Finding out exactly what replacement director Joss Whedon cut from Zack Snyder’s original version of Justice League has become like a Holy Grail quest for DC fans since the team-up movie turned out to be such a crushing disappointment when it came out last November. The fabled Snyder Cut probably won’t ever see the light of day at this point, so it’s down to those who worked with Snyder on the movie to spill the beans.
An indispensable source for info on the initial edit of Justice League is storyboard artist Jay Oliva, who’s given us some juicy reveals in the past, including how Cyborg would have been treated and the reasons Warner Bros. meddled with the project at the last minute.
Now, he’s opened up about a major difference in how Superman was presented in the third act of Whedon’s cut as opposed to the Snyder version he worked on. In particular, the artist hinted that Snyder was going to portray an “unhinged” Superman, as opposed to the wholesome, more traditional take that Whedon went for once the Man of Steel had been resurrected.
“I did from the time they arrived to the nuclear reactor all the way to the end of the fight. There’s a couple stuff that when I watched the film I was like, ‘What happened to that?’ I was really looking forward to seeing it because I’ve done some crazy stuff. I tried to top what I’ve done with Superman. When Superman comes back, I had done some really crazy stuff like Superman unhinged.”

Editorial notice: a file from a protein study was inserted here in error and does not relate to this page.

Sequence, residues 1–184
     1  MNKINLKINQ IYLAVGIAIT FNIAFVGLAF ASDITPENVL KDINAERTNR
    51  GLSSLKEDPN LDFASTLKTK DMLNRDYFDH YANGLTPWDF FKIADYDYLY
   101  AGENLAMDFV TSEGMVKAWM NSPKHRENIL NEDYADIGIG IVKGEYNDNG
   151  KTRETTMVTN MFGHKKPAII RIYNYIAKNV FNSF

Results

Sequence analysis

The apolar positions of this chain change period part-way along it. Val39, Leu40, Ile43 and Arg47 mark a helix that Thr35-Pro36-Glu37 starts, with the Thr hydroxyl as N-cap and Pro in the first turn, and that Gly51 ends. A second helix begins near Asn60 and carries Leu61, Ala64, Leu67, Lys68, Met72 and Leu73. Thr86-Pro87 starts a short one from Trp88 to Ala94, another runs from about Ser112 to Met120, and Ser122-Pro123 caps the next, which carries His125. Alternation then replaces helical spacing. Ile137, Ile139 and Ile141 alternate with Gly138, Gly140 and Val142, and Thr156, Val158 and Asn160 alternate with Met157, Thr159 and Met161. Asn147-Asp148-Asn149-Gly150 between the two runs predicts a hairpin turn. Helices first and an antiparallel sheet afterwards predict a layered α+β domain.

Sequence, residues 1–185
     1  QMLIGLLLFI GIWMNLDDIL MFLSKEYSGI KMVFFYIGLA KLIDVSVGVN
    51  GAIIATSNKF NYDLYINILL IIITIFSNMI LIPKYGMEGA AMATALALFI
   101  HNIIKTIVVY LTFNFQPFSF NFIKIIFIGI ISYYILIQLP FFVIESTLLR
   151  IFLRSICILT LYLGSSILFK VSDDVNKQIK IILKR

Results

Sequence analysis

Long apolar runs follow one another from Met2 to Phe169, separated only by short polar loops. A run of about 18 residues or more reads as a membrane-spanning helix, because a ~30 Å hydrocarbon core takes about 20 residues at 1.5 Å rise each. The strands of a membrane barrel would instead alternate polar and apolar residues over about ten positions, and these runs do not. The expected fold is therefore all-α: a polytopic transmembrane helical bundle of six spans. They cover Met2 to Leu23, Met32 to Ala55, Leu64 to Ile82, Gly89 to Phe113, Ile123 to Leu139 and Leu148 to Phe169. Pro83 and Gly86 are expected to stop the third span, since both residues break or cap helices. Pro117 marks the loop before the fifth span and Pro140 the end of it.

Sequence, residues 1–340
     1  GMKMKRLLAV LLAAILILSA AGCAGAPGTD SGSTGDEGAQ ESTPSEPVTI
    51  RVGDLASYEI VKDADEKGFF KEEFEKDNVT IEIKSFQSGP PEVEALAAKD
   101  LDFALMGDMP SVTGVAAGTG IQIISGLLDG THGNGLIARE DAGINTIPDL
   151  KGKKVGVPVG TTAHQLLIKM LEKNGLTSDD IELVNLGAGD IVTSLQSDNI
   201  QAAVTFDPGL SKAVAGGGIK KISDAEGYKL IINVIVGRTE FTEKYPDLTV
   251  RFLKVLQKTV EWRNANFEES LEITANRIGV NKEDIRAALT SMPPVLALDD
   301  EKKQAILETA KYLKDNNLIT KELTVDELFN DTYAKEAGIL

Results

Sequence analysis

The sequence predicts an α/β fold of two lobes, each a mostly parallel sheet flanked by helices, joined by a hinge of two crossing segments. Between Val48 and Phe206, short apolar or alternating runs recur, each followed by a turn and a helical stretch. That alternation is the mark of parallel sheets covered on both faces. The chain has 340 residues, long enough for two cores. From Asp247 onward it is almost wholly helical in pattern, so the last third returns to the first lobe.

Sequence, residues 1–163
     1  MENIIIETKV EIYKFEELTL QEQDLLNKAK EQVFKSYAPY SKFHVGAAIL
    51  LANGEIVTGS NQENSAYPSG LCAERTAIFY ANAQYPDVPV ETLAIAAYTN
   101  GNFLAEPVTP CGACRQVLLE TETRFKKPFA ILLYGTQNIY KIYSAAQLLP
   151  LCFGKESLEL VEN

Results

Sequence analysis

The treatment of Superman in Whedon’s JL reshoots is perhaps the most notorious element of the film. I mean, we don’t need to remind you about Henry Cavill’s infamous CGI shaving job. While it was fun to have a classic interpretation of the Last Son of Krypton back on the big screen, the all-smiling, all-joking Supes from the third act did jar with the version we’d got to know under Snyder’s direction. So, it’s no surprise things were originally very different.
For one, it was previously explained that the League’s big fight with Superman was initially near the start of Justice League, suggesting that Cavill’s hero wouldn’t have been held off for so long in the Snyder cut. Maybe we’ll see it for ourselves one day, though, as Oliva certainly maintains that it exists.